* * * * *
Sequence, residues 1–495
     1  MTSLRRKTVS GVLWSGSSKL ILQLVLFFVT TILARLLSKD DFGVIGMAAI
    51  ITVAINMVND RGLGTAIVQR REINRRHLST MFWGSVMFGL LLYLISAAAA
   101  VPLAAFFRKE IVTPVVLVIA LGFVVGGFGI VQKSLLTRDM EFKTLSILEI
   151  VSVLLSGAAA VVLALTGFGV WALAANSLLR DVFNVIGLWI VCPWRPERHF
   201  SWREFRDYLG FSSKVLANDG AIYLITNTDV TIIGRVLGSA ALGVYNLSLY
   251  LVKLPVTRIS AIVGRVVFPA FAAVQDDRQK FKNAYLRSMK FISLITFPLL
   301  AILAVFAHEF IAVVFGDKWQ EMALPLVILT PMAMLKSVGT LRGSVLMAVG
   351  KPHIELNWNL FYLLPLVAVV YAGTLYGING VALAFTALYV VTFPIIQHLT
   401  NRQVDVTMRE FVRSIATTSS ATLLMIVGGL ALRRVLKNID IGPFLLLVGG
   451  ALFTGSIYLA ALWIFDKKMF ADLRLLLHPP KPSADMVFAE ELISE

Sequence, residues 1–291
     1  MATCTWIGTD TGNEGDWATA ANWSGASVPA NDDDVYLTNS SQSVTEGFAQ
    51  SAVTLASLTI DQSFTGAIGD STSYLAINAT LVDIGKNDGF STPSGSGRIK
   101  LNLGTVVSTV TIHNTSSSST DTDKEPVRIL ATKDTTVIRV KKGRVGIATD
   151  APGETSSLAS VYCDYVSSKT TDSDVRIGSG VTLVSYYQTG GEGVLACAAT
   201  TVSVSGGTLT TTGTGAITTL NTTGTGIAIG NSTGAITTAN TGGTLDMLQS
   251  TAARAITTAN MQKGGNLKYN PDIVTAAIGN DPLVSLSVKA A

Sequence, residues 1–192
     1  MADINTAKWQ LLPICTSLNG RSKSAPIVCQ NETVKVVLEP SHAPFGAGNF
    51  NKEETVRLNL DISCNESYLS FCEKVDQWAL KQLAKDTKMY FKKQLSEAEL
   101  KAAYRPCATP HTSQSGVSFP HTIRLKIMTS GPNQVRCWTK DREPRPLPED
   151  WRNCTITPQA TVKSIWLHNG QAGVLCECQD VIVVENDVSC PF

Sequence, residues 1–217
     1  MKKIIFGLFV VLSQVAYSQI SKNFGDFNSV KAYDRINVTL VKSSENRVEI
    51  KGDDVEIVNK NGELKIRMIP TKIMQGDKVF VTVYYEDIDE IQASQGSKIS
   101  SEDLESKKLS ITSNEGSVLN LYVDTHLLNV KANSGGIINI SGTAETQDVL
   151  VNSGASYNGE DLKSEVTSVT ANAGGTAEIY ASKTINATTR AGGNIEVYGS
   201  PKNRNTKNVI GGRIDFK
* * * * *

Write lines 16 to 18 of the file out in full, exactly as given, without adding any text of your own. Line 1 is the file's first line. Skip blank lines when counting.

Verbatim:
   151  APGETSSLAS VYCDYVSSKT TDSDVRIGSG VTLVSYYQTG GEGVLACAAT
   201  TVSVSGGTLT TTGTGAITTL NTTGTGIAIG NSTGAITTAN TGGTLDMLQS
   251  TAARAITTAN MQKGGNLKYN PDIVTAAIGN DPLVSLSVKA A